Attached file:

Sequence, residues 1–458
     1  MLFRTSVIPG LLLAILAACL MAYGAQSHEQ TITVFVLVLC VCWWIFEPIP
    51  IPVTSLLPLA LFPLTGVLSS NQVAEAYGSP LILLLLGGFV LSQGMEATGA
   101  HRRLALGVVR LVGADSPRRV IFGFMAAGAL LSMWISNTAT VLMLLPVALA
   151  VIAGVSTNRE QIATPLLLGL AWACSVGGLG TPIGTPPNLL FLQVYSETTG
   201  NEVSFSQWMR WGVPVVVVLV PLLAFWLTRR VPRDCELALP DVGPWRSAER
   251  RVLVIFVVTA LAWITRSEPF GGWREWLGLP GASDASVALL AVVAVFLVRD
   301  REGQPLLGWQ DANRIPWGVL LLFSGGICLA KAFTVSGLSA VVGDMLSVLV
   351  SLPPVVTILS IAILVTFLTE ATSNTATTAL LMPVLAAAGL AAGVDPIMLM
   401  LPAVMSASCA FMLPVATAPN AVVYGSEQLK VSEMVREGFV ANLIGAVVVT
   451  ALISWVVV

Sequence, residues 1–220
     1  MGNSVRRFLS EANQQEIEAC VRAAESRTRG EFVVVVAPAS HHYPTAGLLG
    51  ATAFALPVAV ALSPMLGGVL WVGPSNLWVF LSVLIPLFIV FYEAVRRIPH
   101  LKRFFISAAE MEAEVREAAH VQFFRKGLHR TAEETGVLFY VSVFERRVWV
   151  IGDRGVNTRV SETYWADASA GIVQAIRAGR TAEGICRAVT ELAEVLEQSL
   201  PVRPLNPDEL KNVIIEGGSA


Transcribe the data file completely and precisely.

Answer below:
Sequence, residues 1–458
     1  MLFRTSVIPG LLLAILAACL MAYGAQSHEQ TITVFVLVLC VCWWIFEPIP
    51  IPVTSLLPLA LFPLTGVLSS NQVAEAYGSP LILLLLGGFV LSQGMEATGA
   101  HRRLALGVVR LVGADSPRRV IFGFMAAGAL LSMWISNTAT VLMLLPVALA
   151  VIAGVSTNRE QIATPLLLGL AWACSVGGLG TPIGTPPNLL FLQVYSETTG
   201  NEVSFSQWMR WGVPVVVVLV PLLAFWLTRR VPRDCELALP DVGPWRSAER
   251  RVLVIFVVTA LAWITRSEPF GGWREWLGLP GASDASVALL AVVAVFLVRD
   301  REGQPLLGWQ DANRIPWGVL LLFSGGICLA KAFTVSGLSA VVGDMLSVLV
   351  SLPPVVTILS IAILVTFLTE ATSNTATTAL LMPVLAAAGL AAGVDPIMLM
   401  LPAVMSASCA FMLPVATAPN AVVYGSEQLK VSEMVREGFV ANLIGAVVVT
   451  ALISWVVV

Sequence, residues 1–220
     1  MGNSVRRFLS EANQQEIEAC VRAAESRTRG EFVVVVAPAS HHYPTAGLLG
    51  ATAFALPVAV ALSPMLGGVL WVGPSNLWVF LSVLIPLFIV FYEAVRRIPH
   101  LKRFFISAAE MEAEVREAAH VQFFRKGLHR TAEETGVLFY VSVFERRVWV
   151  IGDRGVNTRV SETYWADASA GIVQAIRAGR TAEGICRAVT ELAEVLEQSL
   201  PVRPLNPDEL KNVIIEGGSA